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Waihī College teachers took part in the nationwide teachers strike on March 16. Photo: SUPPLIED

Teachers want pay to match inflation

No movement from the government to inflation-proof teachers’ pay was the “sticking point” for Waihī College to join teachers nationwide in industrial action on Wednesday last week.
The college has roughly 45 teachers and around 90 per cent of them are members of the Post Primary Teachers Association (PPTA).

The union voted to take further industrial action on March 29 following the nationwide teachers strike on March 16.
Waihī College PPTA staff representative Peter Roy told The Profile its union members left their classrooms empty to continue supporting their claims for better pay.
“It’s clear that the pay is the sticking point and it’s because there has been no movement from the government to even move towards inflation-proofing our pay by paying us the rate of inflation,” he said.
“Whether you’re a beginning teacher or top of the scale, getting an increase that’s the same as the rate of inflation means that we wouldn’t go backwards, the current offer from the MOE [Ministry of Education] would see us going backwards.”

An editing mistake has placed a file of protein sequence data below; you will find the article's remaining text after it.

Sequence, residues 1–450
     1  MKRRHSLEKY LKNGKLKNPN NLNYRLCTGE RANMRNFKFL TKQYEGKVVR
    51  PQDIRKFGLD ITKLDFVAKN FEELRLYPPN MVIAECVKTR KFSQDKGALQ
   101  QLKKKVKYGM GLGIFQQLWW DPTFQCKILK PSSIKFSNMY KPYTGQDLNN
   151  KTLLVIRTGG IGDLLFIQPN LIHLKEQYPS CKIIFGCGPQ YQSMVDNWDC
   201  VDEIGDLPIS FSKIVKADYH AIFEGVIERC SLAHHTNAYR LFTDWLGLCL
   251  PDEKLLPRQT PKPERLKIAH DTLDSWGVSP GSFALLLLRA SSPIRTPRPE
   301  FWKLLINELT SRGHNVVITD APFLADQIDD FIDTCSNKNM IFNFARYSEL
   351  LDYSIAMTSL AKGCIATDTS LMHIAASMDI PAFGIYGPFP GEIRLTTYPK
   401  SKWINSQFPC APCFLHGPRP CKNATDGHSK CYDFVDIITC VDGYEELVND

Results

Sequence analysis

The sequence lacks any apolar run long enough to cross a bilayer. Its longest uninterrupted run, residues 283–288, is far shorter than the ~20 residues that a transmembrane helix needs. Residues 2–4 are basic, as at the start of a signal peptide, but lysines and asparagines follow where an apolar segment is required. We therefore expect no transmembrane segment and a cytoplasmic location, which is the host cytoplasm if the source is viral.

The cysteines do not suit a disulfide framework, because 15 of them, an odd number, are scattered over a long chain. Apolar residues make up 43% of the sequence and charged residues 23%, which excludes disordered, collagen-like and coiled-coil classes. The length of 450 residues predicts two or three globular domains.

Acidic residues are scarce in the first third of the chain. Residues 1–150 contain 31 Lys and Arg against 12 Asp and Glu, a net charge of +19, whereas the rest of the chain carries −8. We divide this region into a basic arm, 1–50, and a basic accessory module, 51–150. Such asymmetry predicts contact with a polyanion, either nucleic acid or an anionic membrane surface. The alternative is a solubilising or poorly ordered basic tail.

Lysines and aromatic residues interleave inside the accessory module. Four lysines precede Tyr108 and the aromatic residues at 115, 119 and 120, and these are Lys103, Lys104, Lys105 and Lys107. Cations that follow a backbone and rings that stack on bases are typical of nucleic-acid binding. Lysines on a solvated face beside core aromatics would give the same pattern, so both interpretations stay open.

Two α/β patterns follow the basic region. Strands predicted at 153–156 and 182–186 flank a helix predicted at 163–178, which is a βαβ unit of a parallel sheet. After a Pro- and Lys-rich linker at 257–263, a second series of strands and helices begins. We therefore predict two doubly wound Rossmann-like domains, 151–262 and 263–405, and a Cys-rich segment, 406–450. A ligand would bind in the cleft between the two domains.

The current offer includes a $4000 pay increase from December, 2022, and a $2000 increase from December this year.
Mr Roy said there was around a $40,000 difference between entry level teachers and teachers at the top of the pay scale, which takes seven or eight years to reach.
“If you’re at the top of the scale and you accepted the government offer… by July, 2023, our buying power would go down 9.38 per cent and by July, 2024, [it would decrease] 9.92 per cent… so in real terms it ends up as a pay cut,” he said.
“The government two weeks ago increased the pay of all the beneficiaries… by the amount of the CPI [consumers price index] or the rate of inflation, and said ‘we don’t want [beneficiaries] going backwards’.
“We put in our request to have our pay increased by the rate of inflation and we are being offered a whole lot less, so that’s why we’ve got industrial action.”
Mr Roy said the college planned more industrial action in the coming weeks if the government did not provide fairer salary options.
“We’re looking at rolling stoppages, which will mean that different parts of the country will be withdrawing labour over the week and there is potential that we won’t teach a particular year level on a different day,” he said.